When Memories are Remembered, They Can Be Rewritten
Source (National Geographic)
**thread title is the tweet, OP headline is the actual article**
Some of us probably already knew this, but this is certainly fascinating and has so many implications both positive and negative.
For one, it shows how
testimony can be severely impacted and unreliable
. Also, what are the implications with polygraph tests? When something is implanted, imprinted
in the mind as a memory, even if false, it suddenly becomes real. As George Costanza says, "It's not a lie if you believe it." This suggests that it
become the truth because our mind believes it to be true.
I can attest: I know that I sometimes have doubts about things I recall, even though I know they're true/not true. I know I didn't do X but I
like i did X. It's creepy at times. How long, during subsequent re-memberings, does it take to hold as a new memory?
Every time we bring back an old memory, we run the risk of changing it. It’s more like opening a document on a computer – the old information
enters a surprisingly vulnerable state when it can be edited, overwritten, or even deleted. It takes a while for the memory to become strengthened
anew, through a process called reconsolidation. Memories aren’t just written once, but every time we remember them.
The article given an example of having test subjects watch the pilot episode of 24
. Chan and LaPaglia of Iowa State
fed their volunteers
with false information immediately after they had actively remembered what they had seen. Then, and only then, did the new memories overwrite their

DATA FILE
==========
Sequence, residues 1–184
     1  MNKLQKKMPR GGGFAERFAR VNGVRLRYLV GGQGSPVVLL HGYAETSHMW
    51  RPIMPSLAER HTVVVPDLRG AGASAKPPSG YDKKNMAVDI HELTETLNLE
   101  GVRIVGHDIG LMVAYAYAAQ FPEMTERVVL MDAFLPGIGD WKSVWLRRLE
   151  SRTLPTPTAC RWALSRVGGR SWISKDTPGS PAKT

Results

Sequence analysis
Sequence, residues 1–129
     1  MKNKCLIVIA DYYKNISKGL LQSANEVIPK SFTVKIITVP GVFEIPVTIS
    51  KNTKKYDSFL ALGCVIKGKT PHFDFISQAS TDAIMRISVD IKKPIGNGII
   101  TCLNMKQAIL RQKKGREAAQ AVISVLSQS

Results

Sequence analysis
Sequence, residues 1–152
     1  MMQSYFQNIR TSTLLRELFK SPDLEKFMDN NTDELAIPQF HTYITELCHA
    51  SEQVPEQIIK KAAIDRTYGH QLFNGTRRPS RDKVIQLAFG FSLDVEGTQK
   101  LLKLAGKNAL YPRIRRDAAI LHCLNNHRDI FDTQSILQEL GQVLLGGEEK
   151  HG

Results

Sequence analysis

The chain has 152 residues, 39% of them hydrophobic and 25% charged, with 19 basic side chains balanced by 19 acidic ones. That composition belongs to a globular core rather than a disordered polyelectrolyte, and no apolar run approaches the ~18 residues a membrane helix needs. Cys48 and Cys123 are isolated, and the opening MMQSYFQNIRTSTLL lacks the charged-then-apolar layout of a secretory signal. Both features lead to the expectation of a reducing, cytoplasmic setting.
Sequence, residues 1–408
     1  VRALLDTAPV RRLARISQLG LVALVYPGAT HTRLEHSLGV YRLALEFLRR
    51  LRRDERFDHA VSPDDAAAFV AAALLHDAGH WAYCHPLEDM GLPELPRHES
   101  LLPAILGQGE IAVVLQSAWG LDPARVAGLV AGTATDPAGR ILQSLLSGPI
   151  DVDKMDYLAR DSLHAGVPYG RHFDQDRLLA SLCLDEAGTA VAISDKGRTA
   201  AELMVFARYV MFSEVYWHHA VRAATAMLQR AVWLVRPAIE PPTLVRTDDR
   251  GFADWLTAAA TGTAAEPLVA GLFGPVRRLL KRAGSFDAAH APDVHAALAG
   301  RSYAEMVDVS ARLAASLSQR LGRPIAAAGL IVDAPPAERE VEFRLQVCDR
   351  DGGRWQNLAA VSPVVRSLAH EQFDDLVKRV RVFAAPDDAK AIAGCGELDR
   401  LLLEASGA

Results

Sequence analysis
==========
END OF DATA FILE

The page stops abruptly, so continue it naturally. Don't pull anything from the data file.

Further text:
Twenty minutes later [after watching the pilot and either taking a quiz or playing Tetris], they listened to a short audio recording that
supposedly recapped the episode, but that secretly changed some details—for example, swapping Mandy’s syringe for a stun gun. Five minutes later,
everyone took a final true-or-false test about what they had originally seen.
taking the quiz destabilised the volunteers’ memories of what they were quizzed on, paving the way for the false recap to mess with their knowledge.
This worked even when volunteers correctly remembered what happened in the episode during the first quiz—the incorrect audio still changed what they
thought they knew.
Chan and LaPaglia have now used the reconsolidation window to change declarative memories—facts and knowledge that we consciously recall.
Now, how long before this is used for sinister means? For some of the more conspiracy-minded folks, who needs MKUltra when you can take a completely
innocent person and insert/change/rewrite a new memory of an event, such as a party to an assassination? In what ways will the military experiment
with this (which they probably already have)?
A positive outcome of this, however, concerns very negative memories, such as those experiences and memories involved with PTSD. IF these new
memories can be re-written of sorts to lessen the negative impact, this *could* be a positive thing—to a degree. To what degree, though?
Also reminds me of Total Recall (Schwarzenegger NOT Farrell!
Our memories are one thing that makes us human. Having had discussions in the past about changing memories—even for tragedies—the ethical
implications are staggering.
edit on 23-5-2013 by Liquesence because: (no reason given)